Library to host lecture on history of New Jersey shipwrecks

Local author is providing the lecture.

Courtesy of Margaret Buchholz. Local Author Margarat Buchholz will give a lecture at the Mullica Hill Library on her book “Jersey Shipwrecks: 350 Years in the Graveyard of the Atlantic.”

As part of their series of lectures focusing on local history, the Mullica Hill Library of the Gloucester County Library System will be hosting the Jersey Shipwrecks: 350 Years in the Graveyard of the Atlantic on Wednesday, July 31 at 7 p.m.

The lecture will focus on the history of the ships that lie beneath the waves of the Atlantic Ocean. It will be given by author Margaret Buchholz who wrote a book on the topic.

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“Before this coastline became a summer playground of second homes and resort beaches, it was a wild frontier of uninhabited and shifting sandbars,” she said on her website of the book. “From the days of sail to steam and oil, ships (and even submarines) have been drawn to this coast. And for thousands of vessels, it became their final resting place.”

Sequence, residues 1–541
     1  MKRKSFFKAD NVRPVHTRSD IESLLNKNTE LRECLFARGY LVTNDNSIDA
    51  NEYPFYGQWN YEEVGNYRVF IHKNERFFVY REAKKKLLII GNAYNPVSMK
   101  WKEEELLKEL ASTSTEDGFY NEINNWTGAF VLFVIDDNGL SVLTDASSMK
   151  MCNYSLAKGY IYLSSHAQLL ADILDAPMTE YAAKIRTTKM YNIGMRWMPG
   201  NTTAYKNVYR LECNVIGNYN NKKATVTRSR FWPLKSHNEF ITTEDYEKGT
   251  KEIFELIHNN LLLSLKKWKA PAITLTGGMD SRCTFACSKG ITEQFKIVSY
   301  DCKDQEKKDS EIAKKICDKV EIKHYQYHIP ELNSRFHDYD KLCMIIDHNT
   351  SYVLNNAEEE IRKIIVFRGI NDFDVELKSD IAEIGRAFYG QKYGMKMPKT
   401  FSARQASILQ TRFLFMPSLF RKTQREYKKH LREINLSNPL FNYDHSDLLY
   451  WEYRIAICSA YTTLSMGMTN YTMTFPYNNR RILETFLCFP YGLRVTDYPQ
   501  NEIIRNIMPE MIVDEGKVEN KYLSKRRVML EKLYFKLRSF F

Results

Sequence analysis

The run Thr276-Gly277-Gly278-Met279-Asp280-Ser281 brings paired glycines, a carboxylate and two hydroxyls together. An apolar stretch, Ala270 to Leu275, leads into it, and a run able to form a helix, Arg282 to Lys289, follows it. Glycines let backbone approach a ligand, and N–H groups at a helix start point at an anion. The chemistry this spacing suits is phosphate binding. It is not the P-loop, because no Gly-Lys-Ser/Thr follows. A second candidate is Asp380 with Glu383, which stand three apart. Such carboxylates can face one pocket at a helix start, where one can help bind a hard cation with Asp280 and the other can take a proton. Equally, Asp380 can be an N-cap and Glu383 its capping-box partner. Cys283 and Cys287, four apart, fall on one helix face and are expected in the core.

Head of Adult Services Andrew Brenza said, “Ms. Buchholz will sail us into the storm-tossed seas, where we will be caught in the swirling wreck-filled waters, and fires of tragedies like the Morro Castle, and come away with a sense of shared survival as well as respect for the brave heroes and lost souls of her book.”

The Morro Castle tragedy occurred on Sept. 8, 1934, when the ocean liner of the same name suddenly caught fire and ran aground in Asbury Park while traveling from Havana, Cuba to New York City. The disaster killed 137 passengers and crew, according to the Asbury Park Historical Society.

Events such as these and the development of the U.S Coast Guard will be discussed during the lecture.

“I explore this history, along with the development of the U.S. Coast Guard from its 1848 origin as the Lifesaving Service, through illustrations, photographs, and readings from the harrowing memories of survivors and observers,” Buchholz said.

The lecture, which was funded by the New Jersey Council for the Humanities, at the Mullica Hill Library is free to attend but does require a registration form be filled out on the GCLS website, It can also be attended virtually through Zoom, which also requires a registration.

Both forms require attendees provide their name and email address while only the in-person attendance form on the GCLS website requires a phone number as well.

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